On behalf of the whole ISJL team… Ginna, we’re really interested in your perspective as someone who is from the South and has now returned to the South! How does that play a role in who you are as a person and in the podcast?

Ginna: The story that the Jewish people tell about who we are is so important, and I think that there are so many Jews who feel as if the story about Jews and Jewishness has not included them. There is this idea that New York is the center of the Jewish world. And it isn’t, and there has been thriving Jewish life in so many places throughout the country for hundreds of years. So I think it’s really important that there are people who can signal that to the rest of the world and that there are people who have a lived experience that is different from the dominant one. It’s important that it’s known that we’re here; we’re everywhere. And we thrive with different traditions, different ways of life, that are fundamentally and still deeply Jewish but might not look the way that even other Jews think Jewishness and Jewish life should look. Anyone who is concerned about Jewish continuity has to be concerned about Jewish diversity and representation and knowledge of who we really are. 

How do these questions of Jewish diversity and representation come up in the advice that people ask for?

Ginna: There is a question in the queue for season 2 about a family that had disowned a family member for having a biracial child a couple decades ago. Now the family is asking about how to reunite. Jews are not immune to the familial challenges that come up and that cross race and class and ethnicity in this country. When we think about the Jewish community we have to remember that we are almost as diverse as America itself. When there are issues of racism or ableism or classism that people who are Black or disabled or poor experience, they are experiencing those as Jews, too. I bring to my advice-giving not only a range of exposure to communities, activism, engagement, and people, but also my own experiences. I think that colors—no pun intended—some of the advice that I might give. I think that’s a good thing.

Are there any common themes in the advice that you give people?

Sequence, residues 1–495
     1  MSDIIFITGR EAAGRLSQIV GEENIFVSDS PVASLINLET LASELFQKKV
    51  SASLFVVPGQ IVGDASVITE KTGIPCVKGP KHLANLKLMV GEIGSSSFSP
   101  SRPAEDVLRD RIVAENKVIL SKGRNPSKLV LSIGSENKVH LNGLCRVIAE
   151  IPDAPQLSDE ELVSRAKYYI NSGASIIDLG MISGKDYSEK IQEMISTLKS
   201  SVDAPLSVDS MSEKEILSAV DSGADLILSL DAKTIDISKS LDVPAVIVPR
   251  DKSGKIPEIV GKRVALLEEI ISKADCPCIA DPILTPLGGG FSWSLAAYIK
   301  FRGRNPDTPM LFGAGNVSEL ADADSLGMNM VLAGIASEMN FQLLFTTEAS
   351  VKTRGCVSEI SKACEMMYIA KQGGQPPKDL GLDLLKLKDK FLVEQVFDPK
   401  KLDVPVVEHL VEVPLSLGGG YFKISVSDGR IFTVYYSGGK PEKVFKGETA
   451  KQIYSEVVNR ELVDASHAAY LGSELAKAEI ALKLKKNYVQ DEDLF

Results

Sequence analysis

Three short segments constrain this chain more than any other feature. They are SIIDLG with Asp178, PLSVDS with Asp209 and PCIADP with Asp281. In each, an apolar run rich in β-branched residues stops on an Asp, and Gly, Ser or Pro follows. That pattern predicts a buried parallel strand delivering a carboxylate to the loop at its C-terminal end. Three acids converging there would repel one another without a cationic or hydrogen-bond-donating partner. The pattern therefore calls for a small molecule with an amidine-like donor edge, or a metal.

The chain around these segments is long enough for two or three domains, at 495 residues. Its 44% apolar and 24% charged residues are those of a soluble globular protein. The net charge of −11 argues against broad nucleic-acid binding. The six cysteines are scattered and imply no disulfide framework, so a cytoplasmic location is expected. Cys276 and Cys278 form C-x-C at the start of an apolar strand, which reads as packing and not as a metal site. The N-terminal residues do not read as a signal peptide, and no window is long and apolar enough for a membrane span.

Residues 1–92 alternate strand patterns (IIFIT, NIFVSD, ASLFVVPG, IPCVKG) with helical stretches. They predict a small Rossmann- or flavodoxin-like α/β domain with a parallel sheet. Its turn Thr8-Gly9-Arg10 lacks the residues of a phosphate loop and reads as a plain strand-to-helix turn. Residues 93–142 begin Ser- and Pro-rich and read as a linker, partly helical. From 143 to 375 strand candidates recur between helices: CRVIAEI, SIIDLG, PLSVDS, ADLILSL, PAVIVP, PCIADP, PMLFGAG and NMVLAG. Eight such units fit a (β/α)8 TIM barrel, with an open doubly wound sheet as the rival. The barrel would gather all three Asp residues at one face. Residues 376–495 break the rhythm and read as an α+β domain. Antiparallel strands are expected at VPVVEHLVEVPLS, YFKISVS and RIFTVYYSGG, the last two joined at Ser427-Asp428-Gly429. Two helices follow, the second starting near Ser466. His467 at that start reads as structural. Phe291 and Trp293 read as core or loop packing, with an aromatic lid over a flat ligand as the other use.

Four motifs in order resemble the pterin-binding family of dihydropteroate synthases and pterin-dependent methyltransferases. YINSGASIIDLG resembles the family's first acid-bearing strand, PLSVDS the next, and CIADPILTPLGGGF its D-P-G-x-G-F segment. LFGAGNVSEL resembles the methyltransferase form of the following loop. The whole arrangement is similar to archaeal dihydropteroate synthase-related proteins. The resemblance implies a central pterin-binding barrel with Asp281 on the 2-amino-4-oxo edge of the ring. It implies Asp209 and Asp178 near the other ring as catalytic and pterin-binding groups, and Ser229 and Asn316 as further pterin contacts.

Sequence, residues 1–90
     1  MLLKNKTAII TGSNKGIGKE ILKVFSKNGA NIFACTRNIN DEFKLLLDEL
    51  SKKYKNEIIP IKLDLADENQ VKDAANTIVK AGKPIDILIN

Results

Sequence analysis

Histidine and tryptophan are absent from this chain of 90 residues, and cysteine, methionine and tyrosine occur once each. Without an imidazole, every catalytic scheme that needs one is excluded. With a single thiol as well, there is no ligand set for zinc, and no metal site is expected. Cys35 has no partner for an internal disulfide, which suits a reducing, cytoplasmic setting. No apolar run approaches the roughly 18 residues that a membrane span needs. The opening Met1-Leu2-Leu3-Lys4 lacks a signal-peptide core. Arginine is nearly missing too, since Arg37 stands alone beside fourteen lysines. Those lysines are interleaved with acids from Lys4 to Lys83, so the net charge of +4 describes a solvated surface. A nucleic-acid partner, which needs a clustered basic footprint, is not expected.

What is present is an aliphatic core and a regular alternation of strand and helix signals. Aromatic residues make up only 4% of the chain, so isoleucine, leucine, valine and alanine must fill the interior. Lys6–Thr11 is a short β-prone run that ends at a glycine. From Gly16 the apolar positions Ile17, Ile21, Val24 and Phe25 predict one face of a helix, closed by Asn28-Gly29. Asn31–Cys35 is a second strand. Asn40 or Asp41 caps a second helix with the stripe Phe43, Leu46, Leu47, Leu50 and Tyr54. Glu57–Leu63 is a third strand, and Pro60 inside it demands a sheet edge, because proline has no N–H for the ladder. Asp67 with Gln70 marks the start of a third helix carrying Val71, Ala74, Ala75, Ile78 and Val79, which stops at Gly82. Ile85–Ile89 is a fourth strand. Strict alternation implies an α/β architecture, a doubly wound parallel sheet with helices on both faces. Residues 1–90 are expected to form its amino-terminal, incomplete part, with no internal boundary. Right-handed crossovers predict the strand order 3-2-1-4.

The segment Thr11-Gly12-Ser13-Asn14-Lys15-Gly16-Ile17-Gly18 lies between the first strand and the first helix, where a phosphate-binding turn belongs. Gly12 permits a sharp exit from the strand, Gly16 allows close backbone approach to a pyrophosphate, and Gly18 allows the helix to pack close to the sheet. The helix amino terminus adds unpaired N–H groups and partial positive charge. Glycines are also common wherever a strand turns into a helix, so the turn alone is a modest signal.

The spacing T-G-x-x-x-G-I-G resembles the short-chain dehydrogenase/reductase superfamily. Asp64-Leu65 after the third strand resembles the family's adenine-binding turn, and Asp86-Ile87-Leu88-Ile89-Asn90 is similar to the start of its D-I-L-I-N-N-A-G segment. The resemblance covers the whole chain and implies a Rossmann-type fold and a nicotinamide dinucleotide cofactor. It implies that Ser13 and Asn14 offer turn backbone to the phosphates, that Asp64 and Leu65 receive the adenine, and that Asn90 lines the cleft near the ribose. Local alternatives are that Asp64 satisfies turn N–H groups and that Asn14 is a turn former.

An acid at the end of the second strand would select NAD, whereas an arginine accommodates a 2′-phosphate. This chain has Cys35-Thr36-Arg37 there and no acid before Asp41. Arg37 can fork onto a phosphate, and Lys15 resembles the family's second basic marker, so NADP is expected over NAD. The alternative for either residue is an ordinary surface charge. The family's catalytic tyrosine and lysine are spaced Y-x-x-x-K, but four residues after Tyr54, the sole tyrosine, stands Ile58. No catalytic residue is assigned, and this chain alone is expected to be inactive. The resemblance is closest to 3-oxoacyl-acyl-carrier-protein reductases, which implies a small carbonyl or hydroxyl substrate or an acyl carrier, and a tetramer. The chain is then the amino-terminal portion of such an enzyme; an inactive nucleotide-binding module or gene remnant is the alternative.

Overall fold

Lynn: We joke that if we didn’t already have such a core brand, the real name of our podcast would be “You Gotta Go Talk to Them.” Because that’s what we say almost every time. But even though we often tell people that they’ve got to go talk to someone, it’s not necessarily to get a result. Because no matter how thoughtfully you articulate whatever it is you’re articulating, it doesn’t mean you can make anybody do anything or deliver a particular outcome. It just probably means that there’s something that you need to get out in the open in some thoughtful way. 

What do y’all hope listeners get out of the podcast?

Ginna: I want them to feel like they learned something and we took them on a journey and told them a story. And I want them to get to know us a little bit, too. I want our personalities to come through. I want them to get to know us and develop a rapport with us. And that makes our advice stronger, right? 

Lynn: For the folks who wind up listening who aren’t Jews and who might have a preconceived notion of what a Jewish podcast would be, I hope that we blow their minds a little bit. Because there’s almost no access in mainstream media to representations of people just being Jewish. I hope that we can contribute to that conversation, to the mainstream normalization of “everyday Jewishness.” 

This interview has been edited for length and clarity.

Mark your calendars: Ginna, Lynn, and ISJL staff members are giving advice LIVE on the ISJL Facebook page on Wednesday, November 17, at 4pm Central!